Georgia Motor Trucking Assn. v. Georgia Dept. of Rev.

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Justia Opinion Summary

At issue in this case was the meaning of the term “motor fuel taxes” as used in the Georgia Constitution, Article III, Sec. IX, Par. IV(b). A trucking industry association and three individual motor carriers challenged local sales and use taxes on motor fuels, the revenues of which were not used solely for public roads and bridges. They argued that these taxes fell within the meaning of “motor fuel taxes” under the Motor Fuel Provision and, therefore, the revenues from these taxes (or an amount equal to that revenue) had to be allocated to the maintenance and construction of public roads and bridges. The Georgia Supreme Court affirmed the dismissal of the plaintiffs’ complaint because the history and context of the Motor Fuel Provision revealed that “motor fuel taxes” were limited to per-gallon taxes on distributors of motor fuel, and did not include sales and use taxes imposed on retail sales of motor fuels.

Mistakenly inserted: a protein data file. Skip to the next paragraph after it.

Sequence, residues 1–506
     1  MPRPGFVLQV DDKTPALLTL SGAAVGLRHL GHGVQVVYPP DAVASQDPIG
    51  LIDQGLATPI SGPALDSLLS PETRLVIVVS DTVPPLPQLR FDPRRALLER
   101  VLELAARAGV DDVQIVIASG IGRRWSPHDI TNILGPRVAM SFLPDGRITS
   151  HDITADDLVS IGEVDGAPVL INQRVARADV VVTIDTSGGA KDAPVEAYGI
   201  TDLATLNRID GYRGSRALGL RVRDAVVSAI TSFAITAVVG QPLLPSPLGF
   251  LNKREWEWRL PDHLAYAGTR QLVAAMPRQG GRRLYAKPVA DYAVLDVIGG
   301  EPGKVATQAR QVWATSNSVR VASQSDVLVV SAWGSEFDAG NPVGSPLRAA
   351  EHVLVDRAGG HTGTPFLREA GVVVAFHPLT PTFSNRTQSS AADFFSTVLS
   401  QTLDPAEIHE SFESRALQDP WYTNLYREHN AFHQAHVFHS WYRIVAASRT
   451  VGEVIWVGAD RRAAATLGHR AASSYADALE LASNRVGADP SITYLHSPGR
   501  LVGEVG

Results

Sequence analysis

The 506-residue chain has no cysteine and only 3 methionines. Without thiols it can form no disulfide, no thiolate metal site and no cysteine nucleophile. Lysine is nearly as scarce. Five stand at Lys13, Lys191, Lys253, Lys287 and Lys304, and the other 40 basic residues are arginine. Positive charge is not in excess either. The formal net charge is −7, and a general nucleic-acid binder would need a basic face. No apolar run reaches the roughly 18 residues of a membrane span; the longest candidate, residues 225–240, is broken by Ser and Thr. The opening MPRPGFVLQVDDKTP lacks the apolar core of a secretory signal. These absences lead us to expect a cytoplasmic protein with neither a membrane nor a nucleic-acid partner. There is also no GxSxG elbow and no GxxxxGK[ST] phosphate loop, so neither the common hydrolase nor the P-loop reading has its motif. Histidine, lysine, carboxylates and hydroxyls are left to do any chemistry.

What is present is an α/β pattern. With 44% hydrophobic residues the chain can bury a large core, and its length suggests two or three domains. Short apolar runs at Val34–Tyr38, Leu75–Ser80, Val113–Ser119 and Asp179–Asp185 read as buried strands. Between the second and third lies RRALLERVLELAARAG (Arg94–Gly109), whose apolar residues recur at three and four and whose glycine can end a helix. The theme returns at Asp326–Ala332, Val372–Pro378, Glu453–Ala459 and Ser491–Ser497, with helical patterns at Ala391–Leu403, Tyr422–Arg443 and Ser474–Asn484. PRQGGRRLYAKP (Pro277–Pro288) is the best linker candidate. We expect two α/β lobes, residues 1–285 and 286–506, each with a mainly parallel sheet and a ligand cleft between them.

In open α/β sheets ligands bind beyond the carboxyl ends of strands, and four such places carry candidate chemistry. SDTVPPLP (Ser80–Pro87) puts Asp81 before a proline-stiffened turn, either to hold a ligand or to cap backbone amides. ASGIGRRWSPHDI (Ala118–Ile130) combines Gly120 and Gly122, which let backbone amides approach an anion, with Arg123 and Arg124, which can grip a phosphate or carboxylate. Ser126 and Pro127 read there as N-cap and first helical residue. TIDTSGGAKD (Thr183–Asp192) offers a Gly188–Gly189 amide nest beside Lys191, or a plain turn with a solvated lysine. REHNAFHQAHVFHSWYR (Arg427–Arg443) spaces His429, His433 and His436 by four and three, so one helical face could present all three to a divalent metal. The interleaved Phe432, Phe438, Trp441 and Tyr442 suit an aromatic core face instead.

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In the Supreme Court of Georgia Decided: June 5, 2017 S17A0430. GEORGIA MOTOR TRUCKING ASSOCIATION et al. v. GEORGIA DEPARTMENT OF REVENUE et al. PETERSON, Justice. In this appeal, we consider the meaning of the phrase “motor fuel taxes” as it is used in a provision of the Georgia Constitution providing that “[a]n amount equal to all money derived from motor fuel taxes received by the state . . . is hereby appropriated . . . for all activities incident to providing and maintaining an adequate system of public roads and bridges in this state[.]” See Ga. Const. of 1983, Art. III, Sec. IX. Par. VI (b) (the “Motor Fuel Provision”). Here, a trucking industry association and three individual motor carriers challenge local sales and use taxes on motor fuels, the revenues of which are not used solely for public roads and bridges. They argue that these taxes fall within the meaning of “motor fuel taxes” under the Motor Fuel Provision and, therefore, the revenues from these taxes (or an amount equal to that revenue) must be allocated to the maintenance and construction of public roads and bridges. We affirm the dismissal of the plaintiffs’ complaint because the history and context of the Motor Fuel Provision reveals that “motor fuel taxes” are limited to per-gallon taxes on distributors of motor fuel, and do not include sales and use taxes imposed on retail sales of motor fuels. 1. Background During its 2015 Session, the Georgia General Assembly enacted the Transportation Funding Act of 2015, which amended a variety of provisions related to the funding of transportation infrastructure (including taxes that relate to motor fuel in various ways). See Ga. L. 2015, pp. 236, 241-264, §§ 5-8 (“HB 170”). Following the passage of HB 170, the Georgia Motor Trucking Association, J&M Tank Lines, Inc., F&W Transportation, and Prolan Logistics, LLC, (“Plaintiffs”)1 filed suit against the Georgia Department of Revenue, Lynnette T. Riley in her official capacity as the State Revenue Commissioner, and Steve McCoy in his official capacity as the State Treasurer (collectively 1 As part of their complaint, Plaintiffs also sought a class certification for a class consisting of “Georgia domiciled motor carriers who purchase motor fuel in the state of Georgia.” 2 “Defendants”).2 Plaintiffs alleged that HB 170 impermissibly allowed the revenue from local sales and use taxes on the retail sale of motor fuel to be used for purposes other than for building and maintaining public roads. Plaintiffs sought mandamus relief to compel Defendants to use the revenue from these sales and use taxes exclusively for the maintenance and construction of roads and bridge projects (or establish a mechanism to ensure that an amount equal to such funds is so used). Plaintiffs also sought (1) mandamus and extraordinary interlocutory relief to compel Defendants to deposit these revenues into an escrow account pending the litigation, (2) a declaration that HB 170 is unconstitutional, and (3) attorneys’ fees. The trial court granted Defendants’ motion to dismiss, concluding that Plaintiffs’ mandamus claims failed because Plaintiffs had an adequate legal remedy to challenge illegally or unconstitutionally assessed and collected taxes under a refund statute, and neither the Commissioner nor the Treasurer had a clear legal duty to monitor or control local spending for roads and bridges or could appropriate state funds to offset local spending of local motor fuel tax 2 Although the trial court denied as moot Plaintiffs’ motion to add McCoy as a party defendant, it nevertheless addressed the claims against him. 3 revenues. The trial court ruled that mandamus was unavailable because the court would have to oversee and control Defendants’ general course of conduct if it granted relief (which is not available in mandamus). The court concluded that the remaining claims were barred by sovereign immunity. The court also concluded in the alternative that, if Plaintiffs’ claims were not barred, they nevertheless failed on the merits because HB 170 did not violate the constitutional provision at issue; the challenged sales taxes were not “motor fuel taxes” within the meaning of the Constitution. Plaintiffs then filed this appeal. 2. Analysis The parties raise a number of issues about jurisdiction, procedure, and the merits, but one issue disposes of the whole case. Plaintiffs’ mandamus claims are not barred by sovereign immunity. And those claims — like all of Plaintiffs’ other claims — fail if local sales and use taxes imposed on the retail sale of motor fuel are not “motor fuel taxes” as that term is used in the Motor Fuel Provision. We conclude that they are not, and thus the trial court properly dismissed Plaintiffs’ complaint in its entirety. The general rule in Georgia is that “the appropriation for each department, officer, bureau, board, commission, agency, or institution for which 4 appropriation is made shall be for a specific sum of money; and no appropriation shall allocate to any object the proceeds of any particular tax or fund or a part or percentage thereof.” Ga. Const. Art. III, Sec. IX, Par. VI (a). But there are exceptions to this general prohibition against earmarking particular revenues for specific purposes, and each exception is laid out in the same paragraph of the Constitution. See Ga. Const. Art. III, Sec. IX, Par. VI (b)-(o). The first of these exceptions is at issue here, and reads in relevant part: An amount equal to all money derived from motor fuel taxes received by the state in each of the immediately preceding fiscal years . . . is hereby appropriated for the fiscal year beginning July 1, of each year following, for all activities incident to providing and maintaining an adequate system of public roads and bridges in this state . . . . Ga. Const. of 1983, Art. III, Sec. IX, Par. VI (b). The question we must answer today is whether certain local sales and use taxes on the retail sale of motor fuel are included within the “motor fuel taxes” that this Motor Fuel Provision automatically appropriates for roads and bridges. We generally apply the ordinary signification to words in construing a constitutional provision. See Blum v. Schrader, 281 Ga. 238, 239 (1) (637 SE2d 396) (2006). This means we afford the constitutional text its plain and ordinary 5 meaning, view the text in the context in which it appears, and read the text “in its most natural and reasonable way, as an ordinary speaker of the English language would.” Deal v. Coleman, 294 Ga. 170, 172-173 (751 SE2d 337) (2013) (citation omitted). “[W]here a word has a technical as well as a popular meaning, the courts will generally accord to it its popular signification, unless the nature of the subject indicates or context suggests that [the word] is used in a technical sense.” Clarke v. Johnson, 199 Ga. 163, 164 (33 SE2d 425) (1945); see also Antonin Scalia & Bryan A. Garner, Reading Law: The Interpretation of Legal Texts 69-77 (2012) (words are to be understood in their ordinary, everyday meanings unless the context shows that they have a technical meaning). In understanding a constitutional provision, we must be mindful that “constitutions are the result of popular will, and their words are to be understood ordinarily in the sense they convey to the popular mind.” Clarke, 199 Ga. at 164. Accordingly, we must construe a constitutional provision consistent with the meaning of its text at the time it was adopted. Collins v. Mills, 198 Ga. 18, 22 (1) (30 SE2d 866) (1944); see also Smith v. Baptiste, 287 Ga. 23, 32 (2) (694 SE2d 83) (2010) (Nahmias, J., concurring) (“Our task in interpreting the 6 Constitution is to determine the meaning of the language used in that document to the people who adopted it as the controlling law of our State.”). A constitutional provision must be presumed to have been framed and adopted in the light and understanding of prior and existing laws and with reference to them. Constitutions, like statutes, are properly to be expounded in the light of conditions existing at the time of their adoption. Clarke, 199 Ga. at 164. In other words, the constitutional provision at issue here means now what it meant at the time it was enacted. Collins, 198 Ga. at 22 (1). To discern the meaning of “motor fuel taxes” at the time the term entered the Constitution, we must consider the history of taxes on motor fuels and the context that history provided at the time the relevant constitutional provision was adopted. A. Statutory and constitutional history of taxes on motor fuels (i) Taxes on distributors of motor fuels In 1927, the Georgia General Assembly passed an act authorizing state taxes on motor fuels. See Ga. L. 1927, pp. 104, 105-106, §§ 1 and 2. The 1927 Act provided that: each distributor of fuels who engages in such business in this State shall pay an occupation tax of four cents per gallon, for each and every gallon of such fuels (1) imported and sold within this State, 7 or (2) imported and withdrawn for use within this State, or (3) manufactured, refined, produced, or compounded within this State and sold for use or consumption within this State, or used and consumed within this State by the manufacturer, refiner, producer, or compounder. . . . That the proceeds derived from said tax shall be distributed as follows: Two and one half (2½) cents per gallon to the State-aid fund for use in construction on the State-aid system of roads, and one (1) cent per gallon to the several counties of this State, as now provided by law. The 1/2 cent of said gas tax not allocated under the terms of this bill is hereby set aside to the public schools of said State for an equalization school fund.3 The 1927 Act thus began the process of earmarking a portion of revenues from taxes on motor fuel distributors for the purpose of the State’s roads and bridges. In 1929, the tax on motor fuel distributors was amended to increase the tax by an additional two cents per gallon, and to strike the words “two and one half 3 The term “distributor” was defined as: any person, association of persons, firm, corporation, and political subdivision of this State, (a) That imports or causes to be imported, and sells at wholesale or retail or otherwise within this State, any of the fuels or kerosene as specified above; or (b) That imports or causes to be imported, and withdraws for use within this State by himself or others, any of such fuels or kerosene from the tank-car or other original container or package in which imported into this State; or (c) That manufacturers, refines, produces, or compounds any of such fuels or kerosene within this State, and sells the same at wholesale or retail or otherwise within this State for use or consumption within this State. See Ga. L. 1927, p. 105, §1. The legislature specifically excluded from the definition of “distributor” “any retail dealer in such fuels or kerosene, or operator or proprietor of a gasoline filing-station or public garage or other place at which such fuels are sold, where such dealer or other person procures his entire supply thereof from a ‘distributor’ as above defined.” Id. 8 cents per gallon to the State-aid fund for use in construction on the State-aid system of roads” and replacing it with “four cents per gallon shall be set aside to the State-highway fund or State-aid fund for use in construction on the Statehighway system of roads or State-aid system of roads.” See Ga. L. 1929, pp. 99, 101, § 2. The short title of the 1929 Act was “Motor-Fuels; Taxation and Allocation.” In 1937, the General Assembly revised the statutes related to the taxation of distributors of motor fuels, and statutorily defined these statutes as the “Motor-Fuel Tax Law.” See Ga. L. 1937, pp. 167, 169, § 1 (amending existing chapter on motor fuels by striking it and “inserting in lieu thereof a new Chapter 92-14 to be known as the ‘Motor-Fuel Tax Law’”). This appears to be the first use of the phrase “Motor-Fuel Tax” (hyphenated or otherwise) in Georgia law. When first enacted, the Motor-Fuel Tax Law contained a provision that imposed an excise tax “on all distributors of motor fuel . . . upon the sale or use of motor fuel by them within this State, at the rate of six ($0.06) cents per gallon.” Id., p. 174, § 1 (codified as § 92-1403 of the 1933 Georgia Code). Like the 1927 and 1929 Acts preceding it, the 1937 Act also mandated that the funds collected from the taxes on distributors of motor fuels be disbursed to (1) the “State 9 Highway Fund, for use in construction on the State Highway System of Roads, or State Aid System of Roads[,]” (2) counties to be used exclusively for the construction and maintenance of public roads, and (3) the State’s equalization fund for public schools. Id., p. 180, § 1. Unlike the 1927 and 1929 Acts, the 1937 Act removed this mandate from the tax levy provision and set it out in a separate statute. Id. (codified as § 92-1404). In 1979, the General Assembly imposed an additional tax on distributors, and designated this additional tax the “second motor fuel tax” (hereinafter, the “Second Motor Fuel Tax”). Ga. L. 1979, pp. 1274, 1275-77, §§ 2, 4, 6, 8. The two taxes on motor fuels levied on distributors remained as part of the Motor Fuel Tax Law until the 2015 passage of HB 170. Prior to the passage of HB 170, the Motor Fuel Tax Law, now found at OCGA § 48-9-1 et seq., contained the “first” tax on distributors of motor fuels that provided an “excise tax . . . imposed at the rate of 7 1/2 [cents] per gallon on distributors who sell or use motor fuel within this state.” OCGA § 48-9-3 (a) (1) (2014) (hereinafter, the “First Motor Fuel Tax”). The Second Motor Fuel Tax was also part of the the Motor Fuel Tax Law prior to enactment of HB 170, and imposed an additional tax on distributors at a “rate of 3 percent of the retail sale price less 10 the tax imposed by [former] Code Section 48-9-3 upon the sale, use, or consumption, as defined in [former] Code Section 48-8-2, of motor fuel in this state.” Former OCGA § 48-9-14 (a), (b) (1) (2014). (ii) Retail sales taxes on motor fuels In 1929, the General Assembly enacted a sales tax “upon every person engaging or continuing within this State in the business of selling any tangible property whatsoever, real or personal” of “two mills on the dollar of the gross receipts of the business.” Ga. L. 1929, pp. 103, 106, § 4. This tax was held to apply to retail sales of gasoline. See Standard Oil Co. of Kentucky v. State Revenue Commission, 179 Ga. 371, 374-375 (176 SE 1) (1934). Unlike the excise tax on distributors of motor fuels, the legislation authorizing the sales tax on retail sales did not dedicate any revenues to the state highway system. See generally Ga. L. 1929, pp. 103-117, §§ 1 through 28. The 1929 sales tax act had a sunset provision ending the sales tax on January 1, 1932. See Ga. L. 1929, p. 116, § 26. In 1951, the legislature passed the Georgia Retailers’ and Consumers’ Sales and Use Tax Act, which levied a state tax on retailers and consumers of tangible personal property — including motor fuels — at a rate of three percent 11 of the retail sales price. See Ga. L. 1951, pp. 360, 362-368, 372-374, §§ 2, 3, and 12. The Georgia Retailers’ and Consumers’ Sales and Use Tax Act initially did not allow local governments to levy sales and use taxes. Id., p. 387, § 25. That restriction was partially lifted in 1975 when the Act was amended to authorize counties to levy local sales and use taxes. Ga. L. 1975, pp. 984, 985986, § 2. That amendment provided that, subject to approval by referendum, the governing authority of each county is empowered to impose a sales and use tax authorized by this Act at the rate of 1%. Otherwise, the tax imposed shall correspond, so far as practicable, except as to rate, with the Georgia Retailers’ and Consumers’ Sales and Use Tax Act, . . . and no item or transaction which is not subject to taxation under the provisions of said Act shall be subject to the tax levied pursuant to this section. Id., p. 986, § 2. Three years after allowing counties to impose local sales taxes, the power to levy local sales taxes was extended to municipalities. See Ga. L. 1978, pp. 309, 640, § 2. In 1979, the General Assembly passed legislation converting the joint county and municipal sales taxes into local special district taxes. See Ga. L. 1979, pp. 446, 446-457, §§ 1, 2 (short title, “Georgia Retailers and Consumers’ Sales and Use Tax Act Amended–Local Option Sales Tax”). The 1979 Act carried forward the provision that no local sales tax could be imposed on an item 12 or transaction not subject to a state sales tax, but added an exception to allow a joint tax on the sales of motor fuels. Id, p. 447, § 1. In that same year, the General Assembly exempted from the state sales tax the sale of most motor fuels. Ga. L. 1979, pp. 1278, 1278-1279, §§ 1, 2. In 1989, the General Assembly reduced the exemption for motor fuels from state sales and use taxes. In addition to increasing the state sales tax to four percent, the legislature struck the exemption for the sales of motor fuel codified at OCGA § 48-8-3 (43), and enacted OCGA § 48-3-3.1, which provided that the “sales of motor fuels . . . shall be exempt from the first 3 percent of the sales and use taxes levied or imposed by this article and shall be subject to the remaining 1 percent of the sales and use taxes levied or imposed by this article.” See Ga. L. 1989, pp. 62, 63-65, §§ 2, 4. In enacting OCGA § 483-3.1 (c), the legislature also statutorily declared that: It is specifically declared to be the intent of the General Assembly that taxation imposed on sales of motor fuel wholly or partially subject to taxation under this Code section shall not constitute motor fuel taxes for purposes of any provision of the Constitution providing for the automatic or mandatory appropriation of any amount of funds equal to funds derived from motor fuel taxes. 13 Ga. L. 1989, p. 65, § 4.4 As a result of the 1989 changes, and until passage of HB 170, although a purchaser of most kinds of tangible personal property had to pay a four percent tax on the sales price of the purchase, a purchaser of motor fuels used for purposes of propelling vehicles on highways paid a one percent tax. See OCGA § 48-8-3.1 (a) (2014) (“[S]ales of motor fuel . . . shall be exempt from the first three percent of the sales and use taxes levied or imposed by this article . . . “), (b) (“Sales of motor fuel other than gasoline . . . purchased for purposes other than propelling motor vehicles on public highways . . . shall be fully subject to the 4 percent sales and use tax[.]”); see also OCGA § 48-8-30 (b) (1) (imposing four percent rate on purchase of tangible property). (iii) HB 170 In 2015, the legislature passed HB 170, which again amended the tax structure on motor fuels. Before HB 170, distributors were assessed two taxes 4 To the extent that this declaration could be read as defining the constitutional term “motor fuel taxes,” it was ineffective. As we have already explained, the term “motor fuel taxes” means today what it meant the moment it entered the Constitution. Although we consider many legislative acts today in determining the meaning of “motor fuel taxes,” we consider those acts only as meaningful context that informs our determination of what the words meant when the Motor Fuel Provision was enacted. A legislative declaration decades later cannot change that meaning. The interpretation of constitutional text is a judicial function, not a legislative one. See, e.g., Carroll v. Wright, 131 Ga. 728, 737 (63 SE 260) (1908) (the “mere fact that the legislature has enacted a law . . . can not change the constitution”). 14 under the Motor Fuel Tax Law — the First Motor Fuel Tax and the Second Motor Fuel Tax. As of July 1, 2015, the effective date of HB 170, the Second Motor Fuel tax was repealed. See Ga. La. 2015, pp. 236, 250, § 5-14. Now, distributors are assessed only the First Motor Fuel Tax found in OCGA § 48-93, although the rate increased from 7.5 to 29 cents per gallon for diesel fuel and 26 cents per gallon for all other motor fuels. Id., p. 247, §§ 5-13. HB 170 also exempted sales of gasoline from state sales and use taxes, but not from local sales and use taxes. Id., pp. 242-243, §§ 5-2, 5-4. HB 170 also placed a cap on the tax rate of certain local sales and use taxes, limiting these taxes to a rate of one percent of the retail sales price of motor fuels which is not more than $3.00 per gallon. See id., pp. 244-246, §§ 5-8 through 5-12. (iv) History of constitutional provision earmarking tax revenues from motor fuel taxes Eight years after enacting the Motor Fuel Tax Law in 1937, the State adopted the Constitution of 1945. The 1945 Constitution carried forward a section providing that “[n]o money shall be drawn from the Treasury except by appropriation made by law,” and contained a new section entitled “Appropriation Control” that, among other things, provided that appropriations 15 “shall be for a specific sum of money and no appropriation shall allocate to any object the proceeds of any particular tax or fund or a part or percentage thereof.” Gregory v. Hamilton, 215 Ga. 735, 736-737 (113 SE2d 395) (1960) (citing Ga. Const. of 1945, Art. III, Sec. VII, Par. XI and Art. VII, Sec. IX, Par. IV). “At the time the Constitution of 1945 was adopted, there were in existence several laws which levied specific taxes and provided that the proceeds from the collection of the taxes were for the sole use of a particular department or agency of government,” including the allocation of motor fuel taxes (§ 92-1404 of the 1933 Georgia Code) and motor vehicle license tag fees. Id. at 737. But the Constitution of 1945 “end[ed] the practice of allocating or earmarking particular taxes for use by any specific department,” including the statutory earmarking of motor fuel taxes in § 92-1404 of the 1933 Georgia Code. Id. This invalidation of the statutory earmarking of § 92-1404 was made express when, in 1949, the legislature expressly repealed the earmarking provisions of the statute in conformance with the 1945 Constitution. See Ga. L. 1949, pp. 19, 20-21, § 3. In 1952, the Constitution of 1945 was amended to add a new subsection to the Appropriation Control section that required the General Assembly to appropriate funds for highways in an amount not less than the total motor fuel 16 and motor vehicle license taxes received by the State treasury in the preceding fiscal year. See Gregory, 215 Ga. at 738; see also Ga. L. 1951, pp. 849, 850-852, § 1 (February 21, 1951 resolution proposing amendment to Constitution of 1945). The 1952 constitutional amendment provided that: To defray the cost of all activities incident to providing and maintaining an adequate system of public roads and bridges in this State as authorized by laws enacted by the General Assembly of Georgia, and for grants to counties for aid in county road construction and maintenance as provided by law authorizing the State treasury to make such grants, the General Assembly of Georgia shall in each General Appropriation Act make the aggregate of the fixed appropriations for highway purposes an amount not less than the total motor fuel and motor vehicle license taxes received by the State treasury for the immediately preceding fiscal year, less the amount of refunds, rebates, and collection costs authorized by law. . . . Said funds are hereby allocated to the Highway Department and shall be utilized for highway improvement including construction and maintenance. Ga. Const. of 1945, Art. VII, Sec. IX, Par. IV (b). This is the first time the phrase “motor fuel . . . taxes” was used in the Constitution. But eight years later, we held in Gregory that the 1952 amendment was not self-executing and did not appropriate any funds for use by the State Highway Department; rather, it simply required the General Assembly to do so. 215 Ga. at 739. 17 Mere months after our decision in Gregory, the 1945 Constitution was amended again to earmark specifically for roads and bridges an amount equal to all money derived from motor fuel taxes: [a]n amount equal to all money derived from motor fuel taxes received by the State Treasurer in each of the immediately preceding fiscal years, less the amount of refunds, rebates and collection costs authorized by law, is hereby appropriated for the fiscal year beginning July 1, of each year following, for all activities incident to providing and maintaining an adequate system of public roads and bridges in this State, as authorized by laws enacted by the General Assembly of Georgia; and for grants to counties for aid in county road construction and maintenance, as provided by law authorizing the State Treasurer to make such grants. Said sum is hereby appropriated for, and shall be available for, the aforesaid purposes regardless of whether the General Assembly enacts a General Appropriations Act and said sum need not be specifically stated in any General Appropriations Acts passed by the General Assembly in order to be available for such purposes. However, this shall not preclude the General Assembly from appropriating for such purposes an amount greater than the sum specified above for such purposes. Ga. L. 1960, pp. 1297, 1297-1299, § 1; see also Brown v. Wright, 231 Ga. 686, 688-689 (III) (203 SE2d 487) (1974). The 1960 Amendment was brought forward into Article III, Section X, Paragraph VII (b) of the 1976 Constitution with minor changes, and was again adopted in our current 1983 Constitution, which provides in pertinent part: 18 An amount equal to all money derived from motor fuel taxes received by the state in each of the immediately preceding fiscal years, less the amount of refunds, rebates, and collection costs authorized by law, is hereby appropriated for the fiscal year beginning July 1, of each year following, for all activities incident to providing and maintaining an adequate system of public roads and bridges in this state, as authorized by laws enacted by the General Assembly of Georgia, and for grants to counties by law authorizing road construction and maintenance, as provided by law authorizing such grants. Said sum is hereby appropriated for, and shall be available for, the aforesaid purposes regardless of whether the General Assembly enacts a general appropriations Act; and said sum need not be specifically stated in any general appropriations Act passed by the General Assembly in order to be available for such purposes. However, this shall not preclude the General Assembly from appropriating for such purposes an amount greater than the sum specified above for such purposes. Ga. Const. of 1983, Art. III, Sec. IX, Par. VI (b). In sum, from 1927 through the enactment of the Motor Fuel Provision (and, much less relevantly, through today), revenues generated by taxes imposed by the Motor Fuel Tax Law have been earmarked for roads and bridges. Conversely, the parties have not suggested – and our independent research does not reveal – that revenues from sales and use taxes generally applicable to sales of tangible personal property, including motor fuels, were ever earmarked for roads and bridges. 19 B. Plaintiffs’ claims were properly dismissed because the Constitution’s automatic appropriation of “motor fuel taxes” does not apply to generally applicable retail sales taxes that incidentally applied to sales of motor fuel. We first address the merits of Plaintiffs’ arguments regarding the denial of their mandamus claims, because these claims are not barred by sovereign immunity. See SJN Properties, LLC v. Fulton Cty. Bd. of Assessors, 296 Ga. 793, 799 (2) (b) (ii) (770 SE2d 832) (2015). Plaintiffs’ mandamus claims fail because they rest on the mistaken premise that local sales and use taxes on the sale of motor fuel constitute “motor fuel taxes” within the meaning of the Constitution. This conclusion is fatal also to Plaintiffs’ other claims, and thus we need not address the other issues presented as to those claims. To be entitled to mandamus relief, a claimant must establish that “(1) no other adequate legal remedy is available to effectuate the relief sought; and (2) the applicant has a clear legal right to such relief.” SJN Properties, 296 Ga at 800 (2) (b) (ii). “A clear legal right to the relief sought may be found only where the claimant seeks to compel the performance of a public duty that an official or agency is required by law to perform.” Bibb County v. Monroe County, 294 Ga. 730, 735 (2) (b) (755 SE2d 760) (2014). 20 The trial court concluded that Plaintiffs had an adequate legal remedy to challenge the constitutionality of HB 170 by pursuing a refund action under OCGA § 48-2-35, but this conclusion was erroneous. Plaintiffs concede that they do not seek a tax refund and are willing to pay the local sales and use taxes on motor fuels. They argue that the tax refund statute is inadequate to effectuate the relief they seek, which is to ensure that prospective revenue from sales and use taxes on motor fuels are dedicated to the construction and maintenance of roads and bridges. Under the general refund statute, a taxpayer shall be refunded any and all erroneously or illegally assessed taxes. OCGA § 48-2-35 (a). But Plaintiffs do not argue that HB 170 illegally assesses taxes against them. Rather, they argue that it violates the Constitution by allowing revenues from taxes on motor fuels to be apportioned for purposes other than on roads and bridges. And the relief they seek is broader than the relief provided by the statute, which is limited to a refund of the assessed taxes plus interest. OCGA § 48-2-35 (a). The trial court thus erred in concluding that the refund statute was an adequate legal remedy for Plaintiffs’ claims. But Plaintiffs still cannot prevail on their mandamus claim. As the trial court correctly held, none of the defendants had a duty to earmark revenues from 21 local sales taxes on motor fuels for public roads, and thus Plaintiffs had no clear legal right to the compel such performance. Plaintiffs argue that Defendants had a clear legal duty to ensure that local state and use taxes on motor fuel, as amended by HB 170, were spent on public roads and bridges. Plaintiffs’ argument cannot survive the history we have already discussed. The historical development of the Motor Fuel Provision demonstrates that the term “motor fuel taxes” means those motor fuel taxes levied on distributors, not the local sales and use taxes generally applicable to all sorts of tangible personal property.5 The history of dedicating revenues from taxes on motor fuels to the construction of state roads began in 1927, when the legislature first imposed a tax on distributors of motor fuels. See Ga. L. 1927, pp. 104, 105-106, §§ 1 and 2. That legislation was amended several times, being called the “Motor-Fuels; Taxation and Allocation” Act in 1929, and statutorily defined as the “Motor-Fuel Tax Law” in 1937. The Motor-Fuel Tax Law mandated that the funds collected from the taxes on distributors of motor fuels be allocated for public road expenditures, as well as to State’s equalization fund for public 5 Indeed, those general sales taxes are “motor fuel taxes” only in the sense that they are also “pencil taxes” and “umbrella taxes.” The Constitution’s use of the term “motor fuel taxes” clearly refers to a tax that applies to motor fuel in a unique way that generally applicable sales taxes do not. 22 schools. See Ga. L. 1937, pp. 167, 180, § 1. The adoption of the 1945 Constitution ended this earmarking practice, but a constitutional amendment purporting to reinstate it was adopted in 1952. See Gregory, 215 Ga. at 738. Although the effect of this constitutional amendment did not actually appropriate the net proceeds of motor fuel taxes to public roads, see Gregory, 215 Ga. at 739, the scope of the amendment’s application was clear based on the historical circumstances. As we noted in Gregory, at the time the 1945 Constitution was adopted, there were in existence several laws that levied specific taxes and dedicated the proceeds from those taxes for particular use. Id. at 737. Among those were the motor vehicle license tag fees (Ga. L. 1937, pp. 155, 166, §11; Code 1933, § 922912) and the motor fuel taxes that § 92-1404 levied on distributors (Ga. L. 1937, pp. 167, 180, §1; Code 1933, § 92-1404). Gregory, 215 Ga. at 737. Although sales taxes on the retail selling of gasoline existed as early as 1929, see Standard Oil, 179 Ga. at 374-375, these taxes were never earmarked for roads and bridges, see generally Ga. L. 1929, pp. 103, 103-117, §§ 1 through 28. Thus, at the time of the 1952 Amendment, the historical practice was to earmark only those taxes imposed by § 92-1404, the motor fuel taxes on distributors. 23 Consequently, when the 1952 Amendment was adopted to appropriate proceeds from “motor fuel taxes” to highway purposes, the use of the term “motor fuel taxes” in that amendment necessarily referred to former § 92-1404, the only statute that had dedicated revenues from “motor fuel taxes” to the construction and maintenance of public roads, and the only statute that used the phrase “motor fuel tax.” The original meaning of the phrase “motor fuel taxes” in the 1952 Amendment meant those taxes levied by former § 92-1404 on distributors of motor fuels on a per gallon basis. Former § 92-1404, part of the Motor-Fuel Tax Law, is now found at OCGA § 48-9-3. As we have explained, the phrase “motor fuel taxes” can be traced back to the 1952 Amendment that reinstated the earmarking of motor fuel taxes (along with motor vehicle license fees). And as we have explained, the text of the Constitution means today what it meant when it was initially adopted. Given the historical context of that phrase in Georgia law prior to 1952, the use of “motor fuel taxes” in the 1952 Amendment, the 1960 Amendment, and the Motor Fuel Provision in its current incarnation all meant the same thing: the pergallon taxes imposed on distributors in 1952 as § 92-1404 and now as OCGA § 48-9-3. Contrary to Plaintiffs’ claims, the local sales and use taxes authorized 24 by HB 170 are separate and distinct from the taxes under OCGA § 48-9-3 and are not “motor fuel taxes” as that term is used in the Motor Fuel Provision. As a result, Defendants had no duty to appropriate for public roads an amount of revenue equal to the proceeds from local sales and use taxes, and Plaintiffs’ mandamus claims fail. Because Plaintiffs’ claims for equitable and declaratory relief hinge on a duty to so appropriate the revenues from sales and use taxes, these claims, even if not barred by sovereign immunity, fail as well. Plaintiffs’ request for attorneys’ fees is derivative of their substantive claims and similarly fails. We affirm the trial court’s dismissal of Plaintiffs’ complaint. Judgment affirmed. Hines, C. J., Melton, P. J., Benham, Hunstein, Nahmias, Blackwell, Boggs, JJ., and Presiding Judge Stephen Louis A. Dillard concur. Grant, J., disqualified. 25